Founder Zahid Hussain Chihpa uses tech to make Islamic teachings more accessible and convenient.
Founder Zahid Hussain Chihpa uses tech to make Islamic teachings more accessible and convenient.

How often do you find yourself engaged debating over a religious issue but realise you don’t know enough on the matter? Or would like to learn more on a certain topic without undertaking a thorough study of Islam? That’s exactly what a Karachi-based startup has built: a Quran and Hadith search engine.

Islam360 is an app that lets you explore Islamic literature through a single platform. You can read the Quran by parah (part), surah (chapter), listen to its recitation with or without translation, or delve into the tafseer. Alternatively, you can search by word, verse, phrase or even the subject.

A similar indexation and search engine exists for Hadith as well. Other than that, the app has a Qibla finder, Islamic calendar, prayer times and tens of more features, including voice command, Arabic teacher.

The app is available in Romanised Hindustani, as well as Urdu, Hindi and Arabic in their original scripts. You can read the available content, tap on each word to know its meaning or even the etymology. They already have translations and tafseer from four major schools of thought practised in Pakistan, and plan to keep adding more works.

It was the brainchild of Zahid Hussain Chihpa, who listened to a verse somewhere but couldn’t recall the source and had no easy way to search. “I started manually typing a Romanised Urdu translation over the next year and created a desktop application by the name of Search Quran in 2009,” he recalls.

But with time, as he added more ‘material’ beyond Quran and ventured into Hadith, it was finally rebranded as Islam360 along with an app launch, thus moving away from desktop. Currently it boasts some 6.3 million downloads across both Android and iOS platforms, spanning over 170 countries with daily active users reportedly at 150,000.

Islam360 is far from the only app within this space. Others such Quran.com or the Karachi-based Quran Majeed, as well as numerous more, are doing similar work and have around the same traction, if not more. How do these guys differ from the rest? “First of all, it’s the range of content. Most have either the holy book or Hadith, that too usually from only one school of thought. On the other hand, we have tried to cover all sects and get most major translations,” Chihpa explains. “But even beyond that, it’s the core technology: you can search by word, context, look up etymology and it’s those algorithms and indexation which make us stand out,” he adds.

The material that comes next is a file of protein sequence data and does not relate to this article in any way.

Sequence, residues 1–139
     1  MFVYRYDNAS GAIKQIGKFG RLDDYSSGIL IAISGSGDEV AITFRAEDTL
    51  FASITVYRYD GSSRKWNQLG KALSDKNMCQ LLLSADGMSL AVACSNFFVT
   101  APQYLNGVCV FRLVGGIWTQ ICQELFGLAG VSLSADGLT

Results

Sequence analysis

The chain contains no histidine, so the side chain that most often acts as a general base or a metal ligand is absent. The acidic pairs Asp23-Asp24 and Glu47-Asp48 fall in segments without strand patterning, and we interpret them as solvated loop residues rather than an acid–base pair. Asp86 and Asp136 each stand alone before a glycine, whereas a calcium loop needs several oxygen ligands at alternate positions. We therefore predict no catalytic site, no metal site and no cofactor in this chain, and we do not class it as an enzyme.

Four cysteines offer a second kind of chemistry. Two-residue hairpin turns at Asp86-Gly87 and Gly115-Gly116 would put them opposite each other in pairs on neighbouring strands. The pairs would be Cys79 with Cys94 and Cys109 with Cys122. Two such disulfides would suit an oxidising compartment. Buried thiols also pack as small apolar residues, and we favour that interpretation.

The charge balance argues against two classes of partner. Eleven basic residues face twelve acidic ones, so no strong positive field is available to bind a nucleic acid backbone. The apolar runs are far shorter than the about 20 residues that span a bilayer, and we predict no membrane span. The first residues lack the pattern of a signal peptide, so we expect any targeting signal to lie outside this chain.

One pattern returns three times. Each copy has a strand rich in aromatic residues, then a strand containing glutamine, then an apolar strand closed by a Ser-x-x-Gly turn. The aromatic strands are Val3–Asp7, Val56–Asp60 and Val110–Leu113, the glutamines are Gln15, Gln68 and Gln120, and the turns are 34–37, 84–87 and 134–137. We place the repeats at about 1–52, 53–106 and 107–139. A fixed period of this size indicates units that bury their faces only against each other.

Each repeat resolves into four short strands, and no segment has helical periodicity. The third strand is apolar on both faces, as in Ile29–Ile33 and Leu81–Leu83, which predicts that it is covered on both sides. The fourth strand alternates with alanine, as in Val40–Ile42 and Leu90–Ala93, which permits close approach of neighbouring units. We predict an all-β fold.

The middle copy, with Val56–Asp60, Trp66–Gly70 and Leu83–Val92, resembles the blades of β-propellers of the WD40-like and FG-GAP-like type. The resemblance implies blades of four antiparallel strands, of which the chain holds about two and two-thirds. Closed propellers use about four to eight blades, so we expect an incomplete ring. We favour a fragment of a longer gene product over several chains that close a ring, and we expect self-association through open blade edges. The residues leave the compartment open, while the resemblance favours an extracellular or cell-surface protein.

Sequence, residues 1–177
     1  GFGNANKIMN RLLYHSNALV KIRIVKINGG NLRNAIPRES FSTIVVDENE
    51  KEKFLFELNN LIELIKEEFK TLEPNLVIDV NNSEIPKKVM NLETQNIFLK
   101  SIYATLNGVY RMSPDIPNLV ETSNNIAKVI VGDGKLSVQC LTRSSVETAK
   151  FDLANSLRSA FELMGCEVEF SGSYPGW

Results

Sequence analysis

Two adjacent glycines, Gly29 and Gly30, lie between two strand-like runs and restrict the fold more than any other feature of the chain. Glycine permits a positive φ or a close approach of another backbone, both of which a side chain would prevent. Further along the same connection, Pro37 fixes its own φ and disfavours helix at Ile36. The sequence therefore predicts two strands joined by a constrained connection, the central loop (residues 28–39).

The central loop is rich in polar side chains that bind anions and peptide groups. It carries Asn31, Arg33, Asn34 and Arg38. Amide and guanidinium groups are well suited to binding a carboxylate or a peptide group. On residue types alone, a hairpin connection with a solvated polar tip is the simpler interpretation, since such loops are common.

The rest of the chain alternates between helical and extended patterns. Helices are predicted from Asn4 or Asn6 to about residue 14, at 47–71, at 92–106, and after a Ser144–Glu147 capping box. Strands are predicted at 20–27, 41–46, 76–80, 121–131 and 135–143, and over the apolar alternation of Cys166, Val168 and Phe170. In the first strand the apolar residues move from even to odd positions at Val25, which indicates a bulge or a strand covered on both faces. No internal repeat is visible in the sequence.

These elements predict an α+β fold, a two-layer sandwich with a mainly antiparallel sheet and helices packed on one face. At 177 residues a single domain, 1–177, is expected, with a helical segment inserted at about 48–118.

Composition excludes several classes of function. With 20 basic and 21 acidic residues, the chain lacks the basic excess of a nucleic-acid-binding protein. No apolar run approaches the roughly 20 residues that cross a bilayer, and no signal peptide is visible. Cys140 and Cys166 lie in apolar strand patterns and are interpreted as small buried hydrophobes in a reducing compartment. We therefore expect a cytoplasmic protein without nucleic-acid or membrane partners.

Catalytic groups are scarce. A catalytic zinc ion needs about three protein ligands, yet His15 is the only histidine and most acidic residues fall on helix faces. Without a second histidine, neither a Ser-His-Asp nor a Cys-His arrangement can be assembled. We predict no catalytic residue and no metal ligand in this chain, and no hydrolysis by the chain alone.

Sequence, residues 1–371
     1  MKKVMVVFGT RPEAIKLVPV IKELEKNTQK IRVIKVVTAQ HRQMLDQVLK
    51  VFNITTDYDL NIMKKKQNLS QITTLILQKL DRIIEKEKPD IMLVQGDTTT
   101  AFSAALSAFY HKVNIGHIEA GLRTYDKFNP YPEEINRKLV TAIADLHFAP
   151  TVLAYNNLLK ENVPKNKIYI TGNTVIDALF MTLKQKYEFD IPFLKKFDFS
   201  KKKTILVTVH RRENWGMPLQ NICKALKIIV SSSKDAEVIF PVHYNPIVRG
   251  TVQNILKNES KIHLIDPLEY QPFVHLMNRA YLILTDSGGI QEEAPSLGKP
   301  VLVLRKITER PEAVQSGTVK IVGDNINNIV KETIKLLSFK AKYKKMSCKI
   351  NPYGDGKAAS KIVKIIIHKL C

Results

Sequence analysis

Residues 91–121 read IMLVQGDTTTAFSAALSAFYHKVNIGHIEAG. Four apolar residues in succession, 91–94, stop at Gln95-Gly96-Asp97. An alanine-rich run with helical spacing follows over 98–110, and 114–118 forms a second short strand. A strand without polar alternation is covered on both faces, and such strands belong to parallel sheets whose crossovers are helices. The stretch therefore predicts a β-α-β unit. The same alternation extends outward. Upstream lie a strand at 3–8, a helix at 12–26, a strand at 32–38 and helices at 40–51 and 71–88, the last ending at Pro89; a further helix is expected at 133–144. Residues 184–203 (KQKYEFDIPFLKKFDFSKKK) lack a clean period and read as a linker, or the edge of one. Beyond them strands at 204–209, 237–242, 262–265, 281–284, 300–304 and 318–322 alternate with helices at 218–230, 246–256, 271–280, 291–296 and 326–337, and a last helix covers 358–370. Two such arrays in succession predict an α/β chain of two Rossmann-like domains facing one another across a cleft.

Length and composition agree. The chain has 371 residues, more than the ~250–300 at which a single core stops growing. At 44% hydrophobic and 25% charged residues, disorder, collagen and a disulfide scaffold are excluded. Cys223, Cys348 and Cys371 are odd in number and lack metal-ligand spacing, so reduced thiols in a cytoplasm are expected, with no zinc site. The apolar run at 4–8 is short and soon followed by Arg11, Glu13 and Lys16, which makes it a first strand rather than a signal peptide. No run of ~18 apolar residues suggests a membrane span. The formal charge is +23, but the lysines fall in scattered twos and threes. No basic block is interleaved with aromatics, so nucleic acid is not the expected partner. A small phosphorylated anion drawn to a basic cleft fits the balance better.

All the features on the app are free and Chihpa intends to keep it that way. So where does the money come from? They have Google ads in place which generates some cash, but hardly enough to pay the monthly expenses of around $6,500.

To plug the gap, the startup has a pool of donors who have pledged periodic payments and help it get by. Plus they have integrated most major electronic channels like carrier billing and Jazz Cash for Pakistani users and PayPal/bank cards for foreigners.

That doesn’t sound like the most sustainable way of going about though. Why not just introduce a freemium model? “The idea is not really to make money, it’s supposed to be an open-to-all platform,” says Chihpa. But that doesn’t mean he has no plans to be cash positive. “We are considering to venture into other services, like Hajj and Umrah, as a recurring revenue stream,” he adds.

Plus, they are looking for more local advertisers, instead of relying on Google, which the CEO thinks is crucial towards achieving breakeven. Given the app’s traction, as well as growth, that might only be a matter of time.

The venture to this day has been internally funded with the chief wishing to keep it as such. “We would like to keep it on our terms to ensure it’s accessible to all,” he says.

With a Muslim population of almost 1.8 billion, there are many takers for this product. But until now, Chihpa and his team have focused on Desis, given their cultural knowledge.

The next phase, however, is to take it beyond South Asia and localise it for each place. “We have already completed work for 19 languages, such as Malay and Bahasa and would like to reach 104,” he says.

All of it sounds like an overwhelming amount of content, which probably requires significant human resources, thus adding to expenses. “Most of our 17-member team is purely technical, with only 3-4 involved in composing, proofreading etc,” the CEO says.

Wondering how are they building such a multilingual search engine with so small a team? All the translations are obtained (in digital format) from Shah Fahad Complex, which publishes them to hand out to pilgrims visiting the Saudi Kingdom.

With a solid groundwork (tech-wise) already laid, what’s next for the startup? Would it further expand into content, by adding, say, classic religious works or perhaps venture into the booming world of lecture series by celebrity scholars?

“We would stick to Quran and Hadith only, maybe add more translations and recitations but not into Islamic literature. Other than that, Islam360 is working on Arabic learning module plus mood detection,” shares the founder.

The writer is member of staff:

m.mutaherkhan@gmail.com

Twitter: @MutaherKhan

Published in Dawn, November 24th, 2019

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